Being an Ally in 2021

There’s been a lot of talk over the last year about what it means to be an ally. it can feel overwhelming when you’re not a part of a community to learn how exactly to act, react, and assist when necessary. We learned a lot about walking in other people’s shoes in 2020, so we hope we can take away several key lessons to help people throughout Atlanta learn to be allies within diverse communities. 

A Journey, Not a Destination

Being an ally isn’t a final achievement. There’s always more to learn and we will continue growing throughout our lives. Understanding that perfection isn’t the end goal can help you build better and healthier habits that will benefit yourself and the community. 

Don’t be afraid to ask questions. If you mess up, apologize and move forward. Be willing to continuously learn and replace outdated modes of thinking with new ideas.  

The Atlanta Immigrant Community

Atlanta has a large immigrant community, both documented and undocumented, who face challenges daily. Start by letting people know that you’re an ally and that you want to be of service. Stay informed on the subject and continue to update your information. For example, using terms like “illegal” or “alien” are ways to dehumanize people in the immigrant community, so avoid them.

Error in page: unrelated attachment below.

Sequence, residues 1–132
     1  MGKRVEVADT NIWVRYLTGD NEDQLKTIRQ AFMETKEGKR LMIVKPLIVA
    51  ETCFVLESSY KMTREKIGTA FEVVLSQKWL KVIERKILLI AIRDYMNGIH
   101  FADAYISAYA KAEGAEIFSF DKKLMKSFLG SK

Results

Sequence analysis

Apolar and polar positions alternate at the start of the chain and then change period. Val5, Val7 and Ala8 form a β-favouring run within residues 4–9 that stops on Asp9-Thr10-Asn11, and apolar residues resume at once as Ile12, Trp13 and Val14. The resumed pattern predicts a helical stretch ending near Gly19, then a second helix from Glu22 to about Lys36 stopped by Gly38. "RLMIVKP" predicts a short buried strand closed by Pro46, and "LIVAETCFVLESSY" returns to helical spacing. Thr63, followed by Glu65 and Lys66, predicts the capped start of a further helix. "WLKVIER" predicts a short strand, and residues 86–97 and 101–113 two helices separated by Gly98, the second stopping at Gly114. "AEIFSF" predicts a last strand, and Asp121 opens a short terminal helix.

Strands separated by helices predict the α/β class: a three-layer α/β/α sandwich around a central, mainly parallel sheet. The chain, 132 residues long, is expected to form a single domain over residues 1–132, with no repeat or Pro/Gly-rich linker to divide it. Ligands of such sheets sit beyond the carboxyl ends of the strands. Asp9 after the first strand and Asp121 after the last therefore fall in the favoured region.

It’s also important, not just for the immigrant community but to be an ally in general, that you recognize intersectionality. People aren’t just one category, many belong to multiple communities facing discrimination. 

LGBTQ+ Concerns in Atlanta and Beyond

Like with any community currently facing challenges in Atlanta and beyond, ] LGBTQ+ people in our area are open and welcoming to those who seek to be allies. Many people don’t become active in allyship until they learn of a loved one who is LGBTQ+, but being an ally is not about you. 

Read books and watch TV shows and movies that are inclusive or created by LGBTQ+ artists. Be a role model for others with the way you respond to family or friends coming out as LGBTQ+. 

Readdressing Racial Equality 

Throughout 2020, racial inequality topped headlines and the Black Lives Matter movement grew. Monuments commemorating the civil war were removed or debated. We saw big and small changes all across the country. 

To be a better ally to BIPOC, it’s important to know there isn’t just one simple checkbox you can tick. Start by acknowledging privilege and practicing self-awareness. Learn from the BIPOC community and accept criticism that can allow you to make positive changes. 

How can you strive to be a better ally?